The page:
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Discussion Starter · #1 ·
I see the term “radiator re-coring” thrown around - is this type of service possible in US at a run of the mill radiator shop, or alternately is this something that should only be entrusted to UK luxury car specialists?

Or, do people just get another one from Flying Spares or such?

thx in advance for any advice

IR
 

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I'd take it to a radiator shop and see if they can. If it's a copper radiator, I don't see why they wouldn't
 

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And the real question is: Why do you believe you need to have your radiator re-cored?
 

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The shop measures the height, width and rows (width) of your old core. The new core arrives already soldered to a copper plate and this is trimmed to fit your top and bottom tank dimensions and soldered around the seams. It's old school work so make a few calls. Do not mention it is for a RR. My guy new right away when he saw the old one. It cost me approx $600 about 3 yrs ago.
There is nothing special about the set up. It is HEAVY, so consider having it done locally.
Will you remove the old one?
 

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And the real question is: Why do you believe you need to have your radiator re-cored?
He was using prestone long life coolant? Joking aside, before a core, a decent radiator shop can tank the old radiator and also rod it if need be which is much less expensive .
 

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@alabbasi

And also all joking aside, and having once been in the position where I knew a lot less than I know now, I've seen conclusion jumping like nobody's business about repairs that do not need to be made at all.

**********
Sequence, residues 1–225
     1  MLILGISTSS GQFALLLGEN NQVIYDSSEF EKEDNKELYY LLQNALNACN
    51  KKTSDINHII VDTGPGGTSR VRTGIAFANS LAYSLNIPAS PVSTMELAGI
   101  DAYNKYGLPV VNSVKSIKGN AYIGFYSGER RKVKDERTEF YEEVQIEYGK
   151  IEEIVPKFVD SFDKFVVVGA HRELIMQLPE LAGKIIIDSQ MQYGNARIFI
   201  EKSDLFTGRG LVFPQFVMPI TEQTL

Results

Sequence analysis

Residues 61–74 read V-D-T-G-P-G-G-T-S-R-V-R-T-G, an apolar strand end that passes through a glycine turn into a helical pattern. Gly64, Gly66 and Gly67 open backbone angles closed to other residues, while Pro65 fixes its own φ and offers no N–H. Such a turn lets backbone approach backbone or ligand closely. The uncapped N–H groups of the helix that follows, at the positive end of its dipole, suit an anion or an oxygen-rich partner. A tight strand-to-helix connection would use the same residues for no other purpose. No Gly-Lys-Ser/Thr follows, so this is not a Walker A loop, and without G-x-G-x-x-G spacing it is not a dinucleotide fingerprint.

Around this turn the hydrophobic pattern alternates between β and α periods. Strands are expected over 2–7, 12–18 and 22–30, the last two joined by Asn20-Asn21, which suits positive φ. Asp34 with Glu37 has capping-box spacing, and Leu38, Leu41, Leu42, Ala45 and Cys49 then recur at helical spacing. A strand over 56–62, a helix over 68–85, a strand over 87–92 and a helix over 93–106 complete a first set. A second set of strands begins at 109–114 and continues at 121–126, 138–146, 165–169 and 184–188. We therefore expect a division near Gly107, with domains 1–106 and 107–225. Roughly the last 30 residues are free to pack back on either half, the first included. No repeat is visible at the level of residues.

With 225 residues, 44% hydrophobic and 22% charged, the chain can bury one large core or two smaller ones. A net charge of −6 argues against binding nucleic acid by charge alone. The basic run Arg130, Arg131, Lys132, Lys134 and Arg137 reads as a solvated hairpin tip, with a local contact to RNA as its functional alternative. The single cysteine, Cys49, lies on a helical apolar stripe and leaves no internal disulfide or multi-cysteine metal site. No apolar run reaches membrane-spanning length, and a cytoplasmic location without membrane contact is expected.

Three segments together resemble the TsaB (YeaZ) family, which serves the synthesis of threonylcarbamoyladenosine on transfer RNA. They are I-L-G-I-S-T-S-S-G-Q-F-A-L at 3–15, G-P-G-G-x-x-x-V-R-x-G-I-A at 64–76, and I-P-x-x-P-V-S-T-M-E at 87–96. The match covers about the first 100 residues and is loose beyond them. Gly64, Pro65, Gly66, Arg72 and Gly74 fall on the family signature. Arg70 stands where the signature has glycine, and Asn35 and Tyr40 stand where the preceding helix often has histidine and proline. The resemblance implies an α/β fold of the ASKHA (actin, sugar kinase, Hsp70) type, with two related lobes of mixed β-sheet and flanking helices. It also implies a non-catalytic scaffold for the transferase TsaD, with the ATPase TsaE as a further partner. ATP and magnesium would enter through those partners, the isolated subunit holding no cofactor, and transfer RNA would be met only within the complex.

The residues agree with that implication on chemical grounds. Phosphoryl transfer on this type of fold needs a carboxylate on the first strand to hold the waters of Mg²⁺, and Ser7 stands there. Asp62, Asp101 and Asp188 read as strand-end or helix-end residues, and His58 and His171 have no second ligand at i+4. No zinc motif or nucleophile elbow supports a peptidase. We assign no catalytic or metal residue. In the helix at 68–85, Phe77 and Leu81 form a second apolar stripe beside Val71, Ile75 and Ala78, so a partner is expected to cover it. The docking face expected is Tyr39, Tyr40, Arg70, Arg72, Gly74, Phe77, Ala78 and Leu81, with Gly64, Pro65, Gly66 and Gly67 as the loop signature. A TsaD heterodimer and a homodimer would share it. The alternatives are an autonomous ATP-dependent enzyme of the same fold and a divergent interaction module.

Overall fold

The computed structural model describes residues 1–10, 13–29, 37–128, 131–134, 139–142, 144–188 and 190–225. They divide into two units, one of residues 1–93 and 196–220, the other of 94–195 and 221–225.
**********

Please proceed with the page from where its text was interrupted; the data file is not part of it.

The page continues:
I'm just wondering whether there was a Step A, Step B, etc., or if someone went from Step A to, "needs to be re-cored."

The radiator in LRK37110 sat for years with no coolant change, and when I had "my unfortunate fan accident" and took it to the local radiator shop for repair their statement when I picked it up was, "That radiator looks like it's new inside."

But you're absolutely correct that if you have a radiator shop you can trust they'll be telling you what does, or does not, need to be done.
 

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I went from Step A to "needs to be re-cored". Years ago, my new-to-me Corniche was running hot, by gauge and laser thermometer, and the core displayed very irregular temperatures along the matrix. A re-core at Flying Spares was cheaper than my local shop (including shipping), together with a faster turnaround time.
For educational purposes, and to make the outgoing shipment package lighter and more practical for me to pack up, I cut off the matrix at the top & bottom ends. What I saw was eyes-opening.
I wish I could find those pics on my HDD and post them here. And I regret not keeping a section of the core in my horror cabinet of motoring. All this to say that Step B would have been a waste of time and effort.
With that new rad, I bought myself some peace of mind for the next 20 years.
 

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Discussion Starter · #8 ·